With this system, but with the absence of refracting lens 134, the distance between adjacent images is greater than the distance between adjacent thick diffraction lenses by the factor l-I-M, where M is the magnification ratio, here a small fraction. For convenience the distances can be made equal by employing a long focal length refracting lens 134, immediately adjacent to the array of thick diffraction lenses. With this system, the object is located in the focal plane of the refracting lens. Thus, light from any object point becomes a parallel beam prior to encountering the array of thick diffraction lenses and each diffraction lens in the array receives an identical distribution of incident light.
The space between the array of thick diffraction lenses and the photographic plate may be filled with a refractive fluid. for example, oil of refractive index of 1.5. Then the wavelength of light in the image space is decreased and the image distance is increased by a factor equal to the refractive index. Magnification, however, remains unchanged.
If the highly coherent light of a laser is used to illuminate the object, a moving diffuser between the laser and the object should be utilized. If the diffuser is stationary, stationary diffraction patterns will emerge and cause uneven illumination of the object.
FIG. 8 is again referred to as an aid to the design and visualization of thick diffraction lenses. Study of FIG. 8
shows that separation between interference shells depends lens, how they vary with angular extent, and with focal length, f, of the thick diffraction lens. Similar curves can be drawn for systems wherein the interfering wavefronts are both spherical.
Optical resolution of images projected by thick diffraction lenses increases as increases. Resolution is independent of 1p and f. The level of background intensity, which leads to contrast degradation for off-axis object points, also increases with (p -(152; this degradation is trivial when is small, e.g., 0.2, but it becomes more serious for high values. In the rational design of thick diffraction lenses, the designer must provide a suitable compromise between resolution, angular field of view and contrast, compatible with the purpose for which the lens is designed. Thus, there is no absolute limit that prescribes the angular extent of a thick diffraction lens, but only a subjective limit that depends upon the judgment of the designer.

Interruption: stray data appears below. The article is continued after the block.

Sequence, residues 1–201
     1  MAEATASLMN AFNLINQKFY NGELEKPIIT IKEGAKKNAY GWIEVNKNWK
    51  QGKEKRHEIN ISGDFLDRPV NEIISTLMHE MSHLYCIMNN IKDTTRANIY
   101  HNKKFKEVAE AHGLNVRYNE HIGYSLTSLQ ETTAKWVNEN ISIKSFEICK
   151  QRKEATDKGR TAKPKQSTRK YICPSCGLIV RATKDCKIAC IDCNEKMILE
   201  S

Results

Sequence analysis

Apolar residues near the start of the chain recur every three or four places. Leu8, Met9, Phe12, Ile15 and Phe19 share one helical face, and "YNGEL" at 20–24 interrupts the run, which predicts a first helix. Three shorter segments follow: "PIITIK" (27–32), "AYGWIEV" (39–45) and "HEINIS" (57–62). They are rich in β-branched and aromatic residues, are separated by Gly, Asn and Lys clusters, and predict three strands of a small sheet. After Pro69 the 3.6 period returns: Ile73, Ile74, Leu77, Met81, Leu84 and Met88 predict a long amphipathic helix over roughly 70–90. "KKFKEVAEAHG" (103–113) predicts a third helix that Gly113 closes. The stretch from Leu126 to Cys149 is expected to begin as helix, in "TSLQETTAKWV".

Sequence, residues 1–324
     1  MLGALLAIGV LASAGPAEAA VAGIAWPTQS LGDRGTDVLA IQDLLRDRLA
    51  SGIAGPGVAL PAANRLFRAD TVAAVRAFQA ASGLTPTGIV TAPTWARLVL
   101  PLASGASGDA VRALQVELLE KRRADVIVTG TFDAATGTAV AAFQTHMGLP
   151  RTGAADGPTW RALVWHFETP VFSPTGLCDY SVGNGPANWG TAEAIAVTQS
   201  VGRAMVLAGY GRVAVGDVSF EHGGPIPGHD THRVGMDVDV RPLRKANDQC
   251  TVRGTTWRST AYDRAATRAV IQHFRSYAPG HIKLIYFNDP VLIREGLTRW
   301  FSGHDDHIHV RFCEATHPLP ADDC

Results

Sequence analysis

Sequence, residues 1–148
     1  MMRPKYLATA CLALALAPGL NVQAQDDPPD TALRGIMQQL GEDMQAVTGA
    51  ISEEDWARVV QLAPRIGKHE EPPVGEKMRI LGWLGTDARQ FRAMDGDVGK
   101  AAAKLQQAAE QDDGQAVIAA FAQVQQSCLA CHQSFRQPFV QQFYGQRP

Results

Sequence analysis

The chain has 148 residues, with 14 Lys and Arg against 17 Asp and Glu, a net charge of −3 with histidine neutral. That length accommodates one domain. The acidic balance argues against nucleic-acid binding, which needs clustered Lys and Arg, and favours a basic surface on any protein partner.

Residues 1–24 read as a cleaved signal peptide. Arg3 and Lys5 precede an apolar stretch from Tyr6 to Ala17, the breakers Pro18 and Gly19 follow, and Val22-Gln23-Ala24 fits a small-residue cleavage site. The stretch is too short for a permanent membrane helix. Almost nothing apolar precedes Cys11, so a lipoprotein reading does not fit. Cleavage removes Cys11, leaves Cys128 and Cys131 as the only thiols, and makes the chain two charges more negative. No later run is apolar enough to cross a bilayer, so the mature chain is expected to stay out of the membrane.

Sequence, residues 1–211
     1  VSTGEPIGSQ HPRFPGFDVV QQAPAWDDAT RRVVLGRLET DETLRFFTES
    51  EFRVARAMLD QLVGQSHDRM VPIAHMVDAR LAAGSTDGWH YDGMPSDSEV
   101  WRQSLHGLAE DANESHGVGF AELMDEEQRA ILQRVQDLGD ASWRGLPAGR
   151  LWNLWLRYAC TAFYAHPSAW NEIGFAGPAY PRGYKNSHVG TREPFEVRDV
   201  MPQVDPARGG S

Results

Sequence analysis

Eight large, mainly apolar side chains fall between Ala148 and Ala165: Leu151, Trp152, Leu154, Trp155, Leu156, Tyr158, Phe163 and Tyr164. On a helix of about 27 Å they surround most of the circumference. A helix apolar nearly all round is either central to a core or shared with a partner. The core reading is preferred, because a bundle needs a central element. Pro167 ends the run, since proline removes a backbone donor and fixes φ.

The resolution of thick diffraction lenses also depends upon the plan view configuration of the lens. Resolution increases as the ratio of plan area to the square of focal length increases. Lenses based upon the design illustrated by 86 in FIG. 8 have the advantage of maximizing this ratio for any given value of The angular field of view for a fixed limit of contrast degradation increases as 5 increases.
A family of thick diffraction lenses of identical characteristics, but different focal lengths, is defined in terms of FIG. 8 by the angles intercepted by any one member of the family. For example, lenses indicated as 88a, 88b and 88c have focal lengths equal to their distances from the origin of spherical waves, but otherwise their performance is identical. The lateral extent of each member of the family is proportional to the focal length. The physical thicknesses of the thick diffraction lenses in any family are always equal, since the separation between adjacent interference shells depends only upon angles and wavelength.
The separation, S, between adjacent interference shells is calculated by the equation where 7\ is the wavelength of light within the photosensitive material, X is the wavelength in vacuum and n is the index of refraction of the photosensitive material. The relationship for thick diffraction lenses giving the 8 optimum separation in terms of thickness, T, of the photosensitive material is 820T cos From these relationships,